The Maine DOT will be closing parts of Forest Avenue in Orono on tuesday in order to repair several failing culverts. At least 6 culverts underneath the street need to be replaced.The road will be closed from the Caribou Bog area, to an area west of Taylor Road. The plan is to remove the culverts on tuesday and install the new ones on wednesday.If all goes according to plan the entire project should be completed and the road reopened by wednesday night. All residents will have access to their homes from either Stillwater Avenue or Essex street.
Construction is underway at Maine Coast Memorial Hospital on a new and much improved emergency operation. The new Emergency room will come fully equipped with state-of-the-art technology that will allow the staff to treat patients with greater quickness and efficiency. “To give you an example,” says Karen Stanley, Chairman of the Board at the hospital, “this emergency center we have now is really built to accomodate about 12,000 visits per year, and historically we’ve been running about 18,000 per year.”Stanley says many factors have led to the rise in emergency room visits making this new facility a necessity. “Well I think there are a number of things at play here, one we have under-insured or people that are not insured at all, so too often the emergency department becomes their first contact with the medical profession, plus we have an aging population in Hancock county so there is a lot of usage going through our emergency department.” The construction began in the fall and the project comes with a hefty price tag. The hospital has secured $5 million dollars from a state bond and is in the process of raising the rest.”This is a $10 million dollar project,” says Jack Mccormack, Interim CEO, “the goal is to raise $5 million of that and the fundraising is ongoing, it’s been very successful so far, we have a long way to go but people have been very generous.”The new facility will have dozens of new features including a helipad. The folks here say that’s a welcome sight. “We provide a high level of care but we don’t provide the tertiary services,” says Mccormack, “when we determine they are needed, we need to get patients transferred as quickly as possible.”The project is set to be completed in January. Stanley says the people who work here are already excited. “This hospital has some of the greatest employees, I would put them up against any in the state or in the nation so it’s something they really deserve.”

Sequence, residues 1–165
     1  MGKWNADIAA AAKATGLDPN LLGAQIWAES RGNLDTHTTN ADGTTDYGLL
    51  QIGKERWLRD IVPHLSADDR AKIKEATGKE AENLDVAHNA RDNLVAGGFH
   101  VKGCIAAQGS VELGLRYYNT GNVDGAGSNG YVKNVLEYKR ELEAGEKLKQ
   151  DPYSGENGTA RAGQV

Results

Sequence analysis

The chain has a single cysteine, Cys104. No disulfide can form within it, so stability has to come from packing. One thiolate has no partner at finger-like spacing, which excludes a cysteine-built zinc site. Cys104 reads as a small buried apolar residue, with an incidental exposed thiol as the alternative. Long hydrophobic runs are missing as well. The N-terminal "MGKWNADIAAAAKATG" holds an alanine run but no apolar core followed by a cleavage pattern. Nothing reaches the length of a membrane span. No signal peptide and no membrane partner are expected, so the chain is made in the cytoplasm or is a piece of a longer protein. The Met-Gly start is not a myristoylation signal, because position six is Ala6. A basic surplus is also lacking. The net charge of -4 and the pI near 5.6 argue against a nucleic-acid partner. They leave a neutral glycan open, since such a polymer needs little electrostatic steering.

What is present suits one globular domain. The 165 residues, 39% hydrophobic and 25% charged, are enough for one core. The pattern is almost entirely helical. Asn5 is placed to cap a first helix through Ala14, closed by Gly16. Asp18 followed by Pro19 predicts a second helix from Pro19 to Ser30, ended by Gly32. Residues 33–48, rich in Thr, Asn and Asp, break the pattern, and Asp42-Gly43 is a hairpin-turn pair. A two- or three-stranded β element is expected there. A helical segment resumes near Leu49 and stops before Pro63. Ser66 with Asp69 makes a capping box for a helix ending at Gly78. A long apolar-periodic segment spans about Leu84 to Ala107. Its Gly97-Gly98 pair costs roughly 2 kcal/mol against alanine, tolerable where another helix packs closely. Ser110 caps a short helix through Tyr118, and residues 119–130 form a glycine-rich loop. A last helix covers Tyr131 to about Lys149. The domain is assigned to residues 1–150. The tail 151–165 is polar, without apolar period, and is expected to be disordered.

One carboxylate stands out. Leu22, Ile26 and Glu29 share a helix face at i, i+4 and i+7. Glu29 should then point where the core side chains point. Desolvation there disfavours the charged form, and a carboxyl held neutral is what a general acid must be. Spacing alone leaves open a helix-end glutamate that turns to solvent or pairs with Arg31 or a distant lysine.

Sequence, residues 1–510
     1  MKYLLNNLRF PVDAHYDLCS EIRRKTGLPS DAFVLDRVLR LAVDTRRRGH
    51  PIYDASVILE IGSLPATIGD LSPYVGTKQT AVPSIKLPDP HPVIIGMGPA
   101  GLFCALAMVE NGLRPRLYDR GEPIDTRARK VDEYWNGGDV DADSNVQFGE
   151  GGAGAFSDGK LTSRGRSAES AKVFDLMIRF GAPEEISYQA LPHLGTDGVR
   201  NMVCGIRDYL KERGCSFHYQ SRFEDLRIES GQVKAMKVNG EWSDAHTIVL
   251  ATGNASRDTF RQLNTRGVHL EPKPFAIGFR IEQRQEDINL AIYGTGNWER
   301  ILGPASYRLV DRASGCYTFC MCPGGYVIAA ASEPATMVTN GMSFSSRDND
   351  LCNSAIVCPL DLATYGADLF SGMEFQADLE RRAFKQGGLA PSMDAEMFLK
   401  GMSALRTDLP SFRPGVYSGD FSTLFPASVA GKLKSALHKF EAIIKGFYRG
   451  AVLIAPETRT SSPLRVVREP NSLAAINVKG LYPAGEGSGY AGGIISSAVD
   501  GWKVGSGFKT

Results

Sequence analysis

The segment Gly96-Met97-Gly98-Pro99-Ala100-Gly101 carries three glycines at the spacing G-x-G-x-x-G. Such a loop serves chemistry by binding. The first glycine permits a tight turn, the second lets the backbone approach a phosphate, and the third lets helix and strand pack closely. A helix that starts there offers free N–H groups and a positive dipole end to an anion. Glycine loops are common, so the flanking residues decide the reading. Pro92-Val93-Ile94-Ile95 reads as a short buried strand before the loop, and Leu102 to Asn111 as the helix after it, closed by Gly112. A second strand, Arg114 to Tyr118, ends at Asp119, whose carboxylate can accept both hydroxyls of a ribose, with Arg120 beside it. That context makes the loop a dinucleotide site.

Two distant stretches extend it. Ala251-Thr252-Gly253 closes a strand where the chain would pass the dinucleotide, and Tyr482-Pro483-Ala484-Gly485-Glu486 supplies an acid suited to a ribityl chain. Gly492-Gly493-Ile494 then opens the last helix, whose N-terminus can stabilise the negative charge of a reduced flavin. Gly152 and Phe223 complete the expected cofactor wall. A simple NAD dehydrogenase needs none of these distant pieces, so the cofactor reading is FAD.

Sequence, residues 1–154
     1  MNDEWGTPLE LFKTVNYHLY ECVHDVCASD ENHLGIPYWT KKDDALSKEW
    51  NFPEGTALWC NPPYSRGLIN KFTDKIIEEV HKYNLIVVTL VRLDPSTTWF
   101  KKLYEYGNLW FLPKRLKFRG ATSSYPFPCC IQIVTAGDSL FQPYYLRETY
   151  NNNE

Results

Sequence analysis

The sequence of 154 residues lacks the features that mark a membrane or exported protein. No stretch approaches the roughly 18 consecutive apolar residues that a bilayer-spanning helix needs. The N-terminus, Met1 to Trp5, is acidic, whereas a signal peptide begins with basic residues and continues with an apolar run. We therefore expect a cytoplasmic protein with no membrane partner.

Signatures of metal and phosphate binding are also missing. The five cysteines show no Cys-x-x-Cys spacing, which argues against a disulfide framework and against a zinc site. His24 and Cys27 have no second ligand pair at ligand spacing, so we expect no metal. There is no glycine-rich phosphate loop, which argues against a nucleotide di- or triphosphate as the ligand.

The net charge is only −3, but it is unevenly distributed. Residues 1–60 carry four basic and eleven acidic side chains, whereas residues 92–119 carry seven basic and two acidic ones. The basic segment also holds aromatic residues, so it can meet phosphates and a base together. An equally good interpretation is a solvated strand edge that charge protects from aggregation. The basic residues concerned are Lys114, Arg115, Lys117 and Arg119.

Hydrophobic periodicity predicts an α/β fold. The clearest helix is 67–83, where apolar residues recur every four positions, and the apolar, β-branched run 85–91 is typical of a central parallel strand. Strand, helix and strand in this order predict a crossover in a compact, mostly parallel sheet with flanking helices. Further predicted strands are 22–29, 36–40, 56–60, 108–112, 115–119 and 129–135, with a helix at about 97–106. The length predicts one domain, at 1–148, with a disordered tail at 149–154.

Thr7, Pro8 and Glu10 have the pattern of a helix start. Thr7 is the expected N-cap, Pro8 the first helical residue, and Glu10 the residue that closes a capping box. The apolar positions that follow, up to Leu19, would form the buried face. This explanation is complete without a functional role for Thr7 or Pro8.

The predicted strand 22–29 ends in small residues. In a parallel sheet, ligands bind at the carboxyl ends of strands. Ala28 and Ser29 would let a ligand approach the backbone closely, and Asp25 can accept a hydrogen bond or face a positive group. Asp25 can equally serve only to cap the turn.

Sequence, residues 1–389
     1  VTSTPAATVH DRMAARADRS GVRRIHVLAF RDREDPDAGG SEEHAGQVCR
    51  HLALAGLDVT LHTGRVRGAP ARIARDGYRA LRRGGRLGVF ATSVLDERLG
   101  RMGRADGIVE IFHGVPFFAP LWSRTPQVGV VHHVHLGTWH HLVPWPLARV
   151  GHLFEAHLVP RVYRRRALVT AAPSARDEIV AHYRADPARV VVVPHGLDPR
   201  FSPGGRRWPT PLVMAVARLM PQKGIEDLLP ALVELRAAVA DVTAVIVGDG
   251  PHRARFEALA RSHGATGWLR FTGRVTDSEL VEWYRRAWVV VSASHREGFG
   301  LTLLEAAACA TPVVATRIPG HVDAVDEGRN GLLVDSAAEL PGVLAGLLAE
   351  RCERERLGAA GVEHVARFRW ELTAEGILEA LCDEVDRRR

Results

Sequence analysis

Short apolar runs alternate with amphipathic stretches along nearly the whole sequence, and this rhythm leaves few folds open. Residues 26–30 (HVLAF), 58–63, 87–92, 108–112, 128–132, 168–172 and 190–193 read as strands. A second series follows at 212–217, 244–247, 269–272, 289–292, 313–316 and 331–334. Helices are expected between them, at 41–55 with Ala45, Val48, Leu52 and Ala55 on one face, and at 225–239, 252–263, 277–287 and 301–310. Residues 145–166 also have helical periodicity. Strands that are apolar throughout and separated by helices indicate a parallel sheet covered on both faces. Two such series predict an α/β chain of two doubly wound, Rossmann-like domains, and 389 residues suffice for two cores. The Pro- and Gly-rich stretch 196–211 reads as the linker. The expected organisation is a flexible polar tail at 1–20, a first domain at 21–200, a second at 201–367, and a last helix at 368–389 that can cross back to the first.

It’s opening weekend at the 160th Bangor State Fair, and according to organizers,it’s so far so good.”Yesterday was a banner day,” says Mike Dyer, Director of the fair, “we were really pleased, we had 15,000 people on the fairgrounds.”To try and combat the strugling economy, fair officials have introduced the $10 wristband, which gets you admission to the fair as well as unlimited access to all the rides.The promotion has many fairgoers wanting to make a return trip to bass park.”Everybody seems to love it,” says Dyer, “even the people who are soaking wet waiting to get on rides and stuff were going to go home and take a day off and come back on tuesday or saturday, i think it’s the right thing to do for the times.”The economy isn’t the only concern. The folks who run the fair know that an event like this is at the mercy of mother nature. “The weather has been good, you do 10 days outdoors you understand your gonna get a little bit of bad weather, you’re gonna catch a few bad breaks.”While business seems to be booming inside these gates, what effect does the fair have on other local businesses?”We definitely get pretty busy,” says Lindsey Mckay, a server and bartender at Paddy Murphys in Bnagor. “Everybody is kind of in town, we get slammed all at the same time, everybody decides decides they want to go have lunch and dinner at the same time.”Up to this point all signs are pointing to a wildly successful year, both here on the fairgrounds and for buisnesses in the area.”We’re way ahead of last year,” says Dyer, “we had some real tough breaks with weather and lost what would have been some really big days, right now we’re 1/3 of the way to last years total after two days.””It’s awesome,” adds Mckay, “it brings in a great crowd, everyone is excited, it’s an awesome atmosphere, yeah we’re definitely pretty busy.”